Why does your salary offer stink?

Dear Evil HR Lady,

I recently applied for a job within the same institution where I am currently working. I am an administrative assistant for an academic department, yet I have a master’s degree in sociology, so I applied for a research analyst position. Before applying, I inquired in the HR department about the salary range for the new position. I was quoted a particular range, yet when I received the job offer, the salary was $2,500 below the low end of the range. My question is this: How can an institution have a salary range for a particular position, yet make an offer under the stated range? Given that the advertisement said it would consider candidates who were currently in a master’s program, rather than having a degree in hand, it seems odd that the offer was so low. I have absolutely no knowledge of how ranges are calculated, but it seems to me that if there is a stated range, the offer should fall within the range. Am I missing something?

To read the answer click here: Why does your salary offer stink?

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9 thoughts on “Why does your salary offer stink?

  1. Related to this situation is one in which the HR manager says with false contrition, “Well, the salary range for this position is X.” when he or she knows full well that the range is below market. What happened? The salary ranges haven’t been updated for a few years. This is one way the HR folks hide behind policy and specious data. Better to dance around the truth than be honest and ethical with employees. In my experience, HR professionals are tighter with the company’s money than the CEO or the Finance staff.

    1. I honestly believe most salary ranges are pulled out of hats. I’ve filled out those compensation surveys and it’s always pretty vague/

      But, Finance, in my experience is always tighter with the money than HR.

      1. In the past I’ve used salary survey data published by large HR consulting companies. Unless there are at least 25 salary data points for a particular job code in a particular region (enough to estimate a normal distribution), I don’t put so much faith in the data and must use a more qualitative approach in concert with HR input to determining a salary to offer.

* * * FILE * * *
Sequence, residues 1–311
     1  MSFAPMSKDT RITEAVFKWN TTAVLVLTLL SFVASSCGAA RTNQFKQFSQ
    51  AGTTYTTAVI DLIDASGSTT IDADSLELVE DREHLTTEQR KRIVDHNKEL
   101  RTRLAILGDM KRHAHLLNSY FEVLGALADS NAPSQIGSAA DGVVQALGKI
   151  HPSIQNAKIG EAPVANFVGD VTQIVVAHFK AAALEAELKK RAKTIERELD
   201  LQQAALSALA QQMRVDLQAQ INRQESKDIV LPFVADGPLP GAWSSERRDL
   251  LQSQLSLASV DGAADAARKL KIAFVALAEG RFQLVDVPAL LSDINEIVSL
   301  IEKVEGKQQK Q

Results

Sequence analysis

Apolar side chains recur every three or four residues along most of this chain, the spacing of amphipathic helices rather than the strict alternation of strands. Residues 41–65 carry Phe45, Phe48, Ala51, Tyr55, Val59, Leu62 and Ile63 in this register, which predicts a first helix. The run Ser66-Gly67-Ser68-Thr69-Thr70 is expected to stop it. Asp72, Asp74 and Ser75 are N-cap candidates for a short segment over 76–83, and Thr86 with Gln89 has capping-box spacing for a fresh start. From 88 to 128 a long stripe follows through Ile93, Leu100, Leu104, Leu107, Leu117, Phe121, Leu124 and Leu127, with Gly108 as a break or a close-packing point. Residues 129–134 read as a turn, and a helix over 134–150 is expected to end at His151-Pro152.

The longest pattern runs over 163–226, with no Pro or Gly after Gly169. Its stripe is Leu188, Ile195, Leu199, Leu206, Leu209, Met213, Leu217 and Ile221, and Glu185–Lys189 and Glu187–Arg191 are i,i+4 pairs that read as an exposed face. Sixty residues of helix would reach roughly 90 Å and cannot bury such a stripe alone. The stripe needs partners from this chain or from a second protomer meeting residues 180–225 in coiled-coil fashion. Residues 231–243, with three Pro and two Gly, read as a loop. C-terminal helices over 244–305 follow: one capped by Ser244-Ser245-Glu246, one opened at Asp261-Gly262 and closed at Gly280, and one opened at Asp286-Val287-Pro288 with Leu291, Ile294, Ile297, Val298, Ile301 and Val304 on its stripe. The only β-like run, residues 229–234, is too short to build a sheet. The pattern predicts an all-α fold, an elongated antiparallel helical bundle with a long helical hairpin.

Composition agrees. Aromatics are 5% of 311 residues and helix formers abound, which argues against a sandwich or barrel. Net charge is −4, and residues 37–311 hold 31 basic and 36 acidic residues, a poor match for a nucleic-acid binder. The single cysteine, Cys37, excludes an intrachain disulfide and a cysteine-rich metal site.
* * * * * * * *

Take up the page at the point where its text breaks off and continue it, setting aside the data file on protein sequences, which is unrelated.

Regarding tightfisted HR managers, I’ve witnessed all sorts of highly bureaucratic approval procedures for discretionary benefits like educational reimbursement. These procedures have many opportunities for telling an employee no. As a manager, it maddens me when I’m trying to take care of a valued employee – no, I’m not generous with that assessment – and then I have to struggle with the HR gatekeepers. At least with Finance, releasing funds has simpler rules [1] is the company profitable and [2] does the ROI meet minimum requirements? Yes, getting past these wickets can be very complicated, too. The difference with many HR gatekeepers is that their yes or no answer is rarely based on financial figures and is more based on vague principles that often seem to be a moving target and vary by the individual. When I challenge their judgments and want to hear the backup facts and data, I get baffled responses and hear another no.

        1. Unfortunately your experience is not unusual. Many HR people don’t like to think in terms of hard numbers or try to put together an ROI.

  2. Companies do realize that often people will accept offers for less than they initially want or expect. If you don’t like the offer, then counter-offer and stick to your guns on what you know you’re worth in the market. If they see your value, they will pay you. Still, they do want you for as little as they can get you for!

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  3. Sometimes at colleges/universities, you can only get so much of a percentage above what you currently make if you change departments/pay grades/non-exempt to exempt.
    Find out if there is such a policy. Also, there may be a chance for a raise at mid-year/yearly review under such a policy.

    1. This is true. Even when I worked at a major fortune 500 we have a policy that you could only recieve a 10% increase when you switch positions or get a promotion. Which is great if you are making $100,000 and now get a $10,000 raise for not that much more work (maybe). But what about someone going from and administrative role making $30,000 to a analyst role where the incumbents are making $45,000 or more. Only give them a $3,000 raise? I am definately not a fan of this type policies.

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